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Agree. One thing I noticed reading a couple of Lee Child/Jack Reachers, Child (or the editor/publisher) consistently removed subsequent action from dialogue. Applying this to Hummingbird's example:

"Really? You think so?"
Lisa spun, holding her skirt.

In the case of those Child novels, I'd read dialogue, think that part was done, then here would come a descriptor relative to that dialogue, but kept apart from it for some reason. It bugged me.

I'm describing it poorly but do you know what I mean?
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Old 01-04-2013, 06:38 PM   #9
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I'm not at all fond of using action twice in the same dialogue paragraph. There's no real rule against it, but it becomes very tedious reading if done too often.
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Old 01-04-2013, 06:55 PM   #10
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I don't like it when I find descriptors of how something is said or even who said it at the end of several lines of a character's dialogue. It's too late to tell me that after I have read the dialogue.

Is that what you meant?

But I can't think of any reason why an action shouldn't appear after a character's dialogue provided the dialogue itself is the stimulus for that action.

But I agree, normally action comes before dialogue if the action and dialogue are in response to the same stimulus.

If the stimulus is say the character unexpectedly touches something hot, for instance, the four reactions in sequence will be sensation and realisation of burning and the removal of the character's hand from the heat source followed by any spoken curse. The writer may choose to use less than all four of these responses/reactions, but whichever ones he does use should still follow that sequence.


Quote:
Originally Posted by kkbe View Post
Agree. One thing I noticed reading a couple of Lee Child/Jack Reachers, Child (or the editor/publisher) consistently removed subsequent action from dialogue. Applying this to Hummingbird's example:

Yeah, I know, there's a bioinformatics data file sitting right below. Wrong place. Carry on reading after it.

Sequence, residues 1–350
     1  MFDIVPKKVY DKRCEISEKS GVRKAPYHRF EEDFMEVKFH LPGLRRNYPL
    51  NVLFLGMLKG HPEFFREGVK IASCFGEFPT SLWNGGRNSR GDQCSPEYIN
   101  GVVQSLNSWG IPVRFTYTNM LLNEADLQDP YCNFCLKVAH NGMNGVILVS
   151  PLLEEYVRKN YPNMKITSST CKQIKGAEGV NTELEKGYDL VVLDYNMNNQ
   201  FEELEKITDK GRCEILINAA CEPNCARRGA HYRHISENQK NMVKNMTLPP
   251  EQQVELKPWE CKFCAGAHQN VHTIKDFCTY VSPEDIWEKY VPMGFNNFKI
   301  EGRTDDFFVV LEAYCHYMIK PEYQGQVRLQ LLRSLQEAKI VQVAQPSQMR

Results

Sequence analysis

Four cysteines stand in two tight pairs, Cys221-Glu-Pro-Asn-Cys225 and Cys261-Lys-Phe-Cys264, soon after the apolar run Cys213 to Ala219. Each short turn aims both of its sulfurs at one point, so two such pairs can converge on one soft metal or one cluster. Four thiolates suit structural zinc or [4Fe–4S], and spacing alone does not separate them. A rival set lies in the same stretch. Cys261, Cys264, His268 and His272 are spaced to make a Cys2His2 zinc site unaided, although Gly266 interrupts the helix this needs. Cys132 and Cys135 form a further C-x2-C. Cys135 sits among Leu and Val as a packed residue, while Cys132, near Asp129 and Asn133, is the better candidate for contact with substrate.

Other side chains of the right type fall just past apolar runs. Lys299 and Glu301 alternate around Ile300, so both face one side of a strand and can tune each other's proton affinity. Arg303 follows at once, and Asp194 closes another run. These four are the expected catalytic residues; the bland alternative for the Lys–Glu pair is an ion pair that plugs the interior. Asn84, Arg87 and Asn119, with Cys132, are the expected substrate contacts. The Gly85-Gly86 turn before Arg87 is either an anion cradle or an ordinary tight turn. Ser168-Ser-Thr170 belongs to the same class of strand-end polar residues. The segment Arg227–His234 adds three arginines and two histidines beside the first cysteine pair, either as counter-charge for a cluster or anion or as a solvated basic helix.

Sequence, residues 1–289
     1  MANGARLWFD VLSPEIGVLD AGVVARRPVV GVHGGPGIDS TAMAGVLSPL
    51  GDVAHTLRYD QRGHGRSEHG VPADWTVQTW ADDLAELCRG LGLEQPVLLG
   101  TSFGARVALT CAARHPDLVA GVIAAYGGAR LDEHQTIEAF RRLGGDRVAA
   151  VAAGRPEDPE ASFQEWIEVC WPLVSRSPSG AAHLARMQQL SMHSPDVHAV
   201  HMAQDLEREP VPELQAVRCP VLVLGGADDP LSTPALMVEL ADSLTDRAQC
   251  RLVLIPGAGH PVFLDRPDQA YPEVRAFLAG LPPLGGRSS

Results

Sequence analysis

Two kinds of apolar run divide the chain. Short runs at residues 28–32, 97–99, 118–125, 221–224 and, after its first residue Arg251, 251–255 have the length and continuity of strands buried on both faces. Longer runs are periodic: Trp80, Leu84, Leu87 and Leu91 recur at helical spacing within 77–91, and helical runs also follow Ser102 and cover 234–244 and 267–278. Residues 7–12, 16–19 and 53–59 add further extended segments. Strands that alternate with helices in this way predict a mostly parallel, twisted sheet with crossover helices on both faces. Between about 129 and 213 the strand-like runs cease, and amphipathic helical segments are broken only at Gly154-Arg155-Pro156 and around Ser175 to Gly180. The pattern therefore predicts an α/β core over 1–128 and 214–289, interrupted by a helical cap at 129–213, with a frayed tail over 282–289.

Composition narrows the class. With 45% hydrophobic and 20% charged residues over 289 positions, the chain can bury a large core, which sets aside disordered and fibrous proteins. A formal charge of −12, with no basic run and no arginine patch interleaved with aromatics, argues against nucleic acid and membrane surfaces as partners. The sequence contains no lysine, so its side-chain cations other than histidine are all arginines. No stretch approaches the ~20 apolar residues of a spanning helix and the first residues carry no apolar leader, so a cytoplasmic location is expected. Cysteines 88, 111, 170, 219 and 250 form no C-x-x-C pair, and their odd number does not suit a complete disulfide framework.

"Really? You think so?"
Lisa spun, holding her skirt.

In the case of those Child novels, I'd read dialogue, think that part was done, then here would come a descriptor relative to that dialogue, but kept apart from it for some reason. It bugged me.

I'm describing it poorly but do you know what I mean?
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Old 01-04-2013, 08:21 PM   #11
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Another tip that I've been given, and has made sense for me so far, is to end the paragraph with what is most important - sometimes that's the dialogue, other times the action.

I don't mind the back and forth, although it's not how I write, and if it works for your readers, that's the only answer you need. But if you get feedback from your readers that they are looking for more description, then you might have your answer - what you've written could be flushed into two paragraphs, maybe.

It's really hard to talk about based on one sentence, of course!
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Old 01-05-2013, 02:11 AM   #12
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Quote:
Originally Posted by Bufty View Post
I don't like it when I find descriptors of how something is said or even who said it at the end of several lines of a character's dialogue. It's too late to tell me that after I have read the dialogue.